UNSMIL: 24 deaths and 46 injuries during May in Libya

UNSMIL

From 1 May to 31 May 2016, the United Nations Support Mission in Libya (UNSMIL) documented 70 civilian casualties, including 24 deaths and 46 injuries, during the conduct of hostilities across Libya. Victims included 7 children killed and 5 injured, 12 men killed and 10 injured, 4 women killed and 3 injured, and 1 adult killed and 28 injured where the sex was not identified.

The majority of civilian deaths and injuries were caused by shelling, including mortars, artillery and other indirect weapons (11 deaths, 37 injured) while the next leading cause of death was explosive remnants of war (9 deaths, 3 injured) and then gun shots (4 deaths) and aerial bombardments (6 injured).
UNSMIL documented 14 deaths and 37 injured in Benghazi, 6 deaths and 3 injured in Wadi Zamzam, 4 deaths in Tripoli and 6 injured in Tripoli.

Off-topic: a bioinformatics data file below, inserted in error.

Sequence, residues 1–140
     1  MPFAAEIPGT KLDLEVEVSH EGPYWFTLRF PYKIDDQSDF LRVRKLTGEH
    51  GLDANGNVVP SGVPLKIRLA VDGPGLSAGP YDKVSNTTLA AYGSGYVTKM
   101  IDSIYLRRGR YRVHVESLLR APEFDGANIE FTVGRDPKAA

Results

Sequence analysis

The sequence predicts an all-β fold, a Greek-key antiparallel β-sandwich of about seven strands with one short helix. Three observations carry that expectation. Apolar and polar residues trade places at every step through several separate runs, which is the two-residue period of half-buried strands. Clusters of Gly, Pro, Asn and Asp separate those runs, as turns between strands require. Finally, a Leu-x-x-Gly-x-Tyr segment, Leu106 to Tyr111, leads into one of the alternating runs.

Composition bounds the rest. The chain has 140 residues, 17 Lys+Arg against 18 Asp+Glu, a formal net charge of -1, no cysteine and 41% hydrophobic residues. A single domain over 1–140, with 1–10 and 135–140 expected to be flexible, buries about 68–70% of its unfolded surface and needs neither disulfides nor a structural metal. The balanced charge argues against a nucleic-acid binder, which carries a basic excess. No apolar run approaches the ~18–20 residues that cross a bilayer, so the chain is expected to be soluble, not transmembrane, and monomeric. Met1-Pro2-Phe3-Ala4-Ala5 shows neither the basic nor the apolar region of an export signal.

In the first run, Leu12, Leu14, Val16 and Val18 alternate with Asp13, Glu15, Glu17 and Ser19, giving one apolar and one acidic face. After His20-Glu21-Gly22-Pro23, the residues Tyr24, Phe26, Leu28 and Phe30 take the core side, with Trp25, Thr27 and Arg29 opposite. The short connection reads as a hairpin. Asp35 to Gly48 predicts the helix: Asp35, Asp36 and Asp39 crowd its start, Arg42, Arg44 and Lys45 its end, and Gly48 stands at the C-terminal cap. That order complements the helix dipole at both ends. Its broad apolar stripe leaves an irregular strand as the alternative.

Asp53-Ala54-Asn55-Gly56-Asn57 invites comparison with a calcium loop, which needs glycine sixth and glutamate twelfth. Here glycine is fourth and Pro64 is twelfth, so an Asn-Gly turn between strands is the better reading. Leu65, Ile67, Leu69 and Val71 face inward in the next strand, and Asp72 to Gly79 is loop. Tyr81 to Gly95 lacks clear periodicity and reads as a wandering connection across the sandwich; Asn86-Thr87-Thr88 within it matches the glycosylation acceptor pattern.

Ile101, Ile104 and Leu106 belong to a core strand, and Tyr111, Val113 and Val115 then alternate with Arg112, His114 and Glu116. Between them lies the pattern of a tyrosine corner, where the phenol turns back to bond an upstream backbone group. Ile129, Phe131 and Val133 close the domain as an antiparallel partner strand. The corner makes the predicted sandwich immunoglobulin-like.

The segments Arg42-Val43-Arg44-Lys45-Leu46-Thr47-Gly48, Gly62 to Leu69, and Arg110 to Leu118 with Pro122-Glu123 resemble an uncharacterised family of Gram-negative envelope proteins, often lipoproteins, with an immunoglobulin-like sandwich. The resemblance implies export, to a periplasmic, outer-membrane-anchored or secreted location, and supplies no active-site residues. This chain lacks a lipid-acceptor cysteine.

Due to limited access and the multiple parties engaged in the conflict, who did not take responsibility for particular incidents, UNSMIL was unable to determine with certainty which party caused these civilian casualties. UNSMIL also documented an attack on a civilian facility. On 27 May, two shells hit the Benghazi Medical Centre, including the Intensive Care Unit. There were no casualties.

Aside from civilian casualties during the conduct of hostilities, UNSMIL documented the death of a 9 year-old boy. His body was found in Warshafana 10 days after being abducted. In another case, UNSMIL documented the death of a man in Tripoli, whose body was found covered in bruises, with gunshot wounds to the chest, and handcuffed.

Also, on 5 May, it was reported that 12 infants had died from preventable bacterial infection in the Sabha Medical Centre neonatal intensive care unit, while one child died and three others were admitted to the intensive care unit in the Tripoli Medical Centre following administration of medication. Such deaths are an indicator of the breakdown of the medical system in Libya, linked to on-going hostilities in the country. It is estimated that nearly 60% of public hospitals in conflict areas in Libya have shut down or are inaccessible.

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